The Role of Passion in Advertising
Anyone old enough to remember Delta's delightfully saccharine "We Love to Fly and It Shows" television ads of the late '80s and early '90s knows the powerful effect a brand can have simply by expressing a love for what they do. The campaign featured bouffant, adoring flight attendants and charmingly paternal pilots befriending passengers young and old, set to a soaring jingle extolling Delta's love of flight. Not exactly the most accurate image of air travel, perhaps - but as an advertisement, effective enough to remain a part of pop culture 30 years on.
Today, plenty of brands still pronounce a passion for their work as part of their marketing strategy, from Purina's "Your Pet, Our Passion" to EA's "We Exist to Inspire the World to Play." But only recently have researchers explored the effect that such proclamations may have on consumers - and the results are promising.
"Data suggests that the mere statement of brand passion in advertising leads consumers to rate both the product and the brand more positively," a recent study in the Journal of Advertising Research found. "The positive emotion the brand signals by stating its passion seems to spill over to the consumer and his or her brand attitudes and purchase intentions."
The reasons why appear to be twofold: When a brand is passionate about its work, consumers tend to expect that the brand will work harder - and in turn create higher quality products, the study found. Secondly, there appears to be an "emotional contagion" effect, by which a brand's stated love for what it does becomes infectious among consumers.
"Just as recent research has found that genuine smiles in advertising boost brand evaluations, displaying genuine passion through advertising likely yields similar effects by assosciative transfer and emotional contagion," says the study, which tested these notions on products ranging from coffee and soft drinks to hand soap. "The positive effects of brand passion seem to be driven by higher perceived brand efforts as well as spillover of passion from the brand to the consumer."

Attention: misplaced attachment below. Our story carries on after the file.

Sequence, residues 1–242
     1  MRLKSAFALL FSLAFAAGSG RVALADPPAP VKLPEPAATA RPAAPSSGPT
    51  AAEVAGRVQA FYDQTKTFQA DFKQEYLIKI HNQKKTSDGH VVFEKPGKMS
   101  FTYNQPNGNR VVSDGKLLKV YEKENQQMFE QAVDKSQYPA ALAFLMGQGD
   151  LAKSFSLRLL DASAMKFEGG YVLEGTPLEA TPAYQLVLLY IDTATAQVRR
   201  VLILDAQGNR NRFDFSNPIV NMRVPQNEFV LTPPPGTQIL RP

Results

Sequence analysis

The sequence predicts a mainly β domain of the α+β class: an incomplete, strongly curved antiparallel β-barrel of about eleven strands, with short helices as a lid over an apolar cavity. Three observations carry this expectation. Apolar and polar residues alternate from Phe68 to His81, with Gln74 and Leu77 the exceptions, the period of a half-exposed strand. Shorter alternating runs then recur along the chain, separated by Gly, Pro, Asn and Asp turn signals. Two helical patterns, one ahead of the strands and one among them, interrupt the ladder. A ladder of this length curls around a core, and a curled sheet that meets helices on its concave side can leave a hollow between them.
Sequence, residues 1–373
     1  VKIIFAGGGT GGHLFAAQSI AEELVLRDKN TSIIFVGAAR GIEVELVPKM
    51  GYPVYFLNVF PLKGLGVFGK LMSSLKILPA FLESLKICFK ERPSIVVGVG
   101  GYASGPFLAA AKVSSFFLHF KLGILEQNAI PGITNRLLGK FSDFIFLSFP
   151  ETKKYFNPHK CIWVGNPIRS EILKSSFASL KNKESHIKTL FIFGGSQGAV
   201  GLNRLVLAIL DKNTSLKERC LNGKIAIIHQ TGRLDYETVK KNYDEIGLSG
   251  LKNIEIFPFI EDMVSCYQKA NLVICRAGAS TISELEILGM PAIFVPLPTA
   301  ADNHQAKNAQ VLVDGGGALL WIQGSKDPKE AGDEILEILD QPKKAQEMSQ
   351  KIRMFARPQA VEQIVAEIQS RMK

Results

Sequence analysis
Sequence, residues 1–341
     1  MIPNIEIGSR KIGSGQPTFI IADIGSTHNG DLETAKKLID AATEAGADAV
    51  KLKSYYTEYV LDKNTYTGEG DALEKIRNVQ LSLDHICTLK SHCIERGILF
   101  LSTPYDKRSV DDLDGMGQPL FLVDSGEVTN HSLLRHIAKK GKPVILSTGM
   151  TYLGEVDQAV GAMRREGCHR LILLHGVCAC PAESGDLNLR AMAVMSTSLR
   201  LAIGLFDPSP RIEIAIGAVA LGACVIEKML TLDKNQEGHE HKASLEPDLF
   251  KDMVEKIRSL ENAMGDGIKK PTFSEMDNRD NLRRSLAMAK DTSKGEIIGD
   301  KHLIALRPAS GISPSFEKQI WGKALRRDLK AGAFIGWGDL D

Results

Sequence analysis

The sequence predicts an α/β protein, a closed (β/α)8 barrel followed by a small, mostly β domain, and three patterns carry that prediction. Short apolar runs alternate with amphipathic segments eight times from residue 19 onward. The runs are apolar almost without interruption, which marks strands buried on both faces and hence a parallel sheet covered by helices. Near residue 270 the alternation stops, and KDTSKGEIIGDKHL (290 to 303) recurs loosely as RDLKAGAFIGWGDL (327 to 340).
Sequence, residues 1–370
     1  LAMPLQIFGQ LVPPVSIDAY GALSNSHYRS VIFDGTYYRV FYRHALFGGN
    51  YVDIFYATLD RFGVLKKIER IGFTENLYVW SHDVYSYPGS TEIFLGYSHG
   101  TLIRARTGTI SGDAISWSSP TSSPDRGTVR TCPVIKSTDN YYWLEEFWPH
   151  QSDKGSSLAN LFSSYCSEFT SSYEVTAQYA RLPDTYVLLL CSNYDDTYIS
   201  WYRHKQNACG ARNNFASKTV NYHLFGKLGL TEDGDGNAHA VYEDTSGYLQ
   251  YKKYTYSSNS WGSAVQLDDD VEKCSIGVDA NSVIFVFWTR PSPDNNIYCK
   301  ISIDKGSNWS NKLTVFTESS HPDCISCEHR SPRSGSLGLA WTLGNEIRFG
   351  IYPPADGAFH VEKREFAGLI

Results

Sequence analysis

Note the repetition of one key word: Genuine. In order for passionate advertising statements to have the desired effect, the sentiment must be rooted in something real. Consumers today are too savvy to be wooed by inauthentic advertising declarations, and the higher product quality expectations that such statements engender could turn into a curse if they aren't met.
Yet in the right context, it seems honest brand passion boosts not only the actual caliber of the company's work, but consumer attitudes as well. Taken one step further, communicating a brand's passion to consumers is one way to tap the emotional hardwiring that forms the foundation for many choices they made. "The reality is we humans are really feeling beings - not thinking machines," writes branding expert Douglas Van Praet for Psychology Today. "We make decisions based on emotion more than logic." And if a brand loves what it does, well consumers are more likely to love it, too.
The role of passion in advertising doesn't end with brands, however. Marketers can also benefit from cultivating a culture of passion for their work, which can have a similarly contagious effect on their clients, says Ogilvy & Mathers executive Adam Tucker.
"Only agencies that demonstrate their passion for the products and attention to detail will build meaningful relationships with clients and win campaigns," Tucker says. "Love your clients, and they will love you back."
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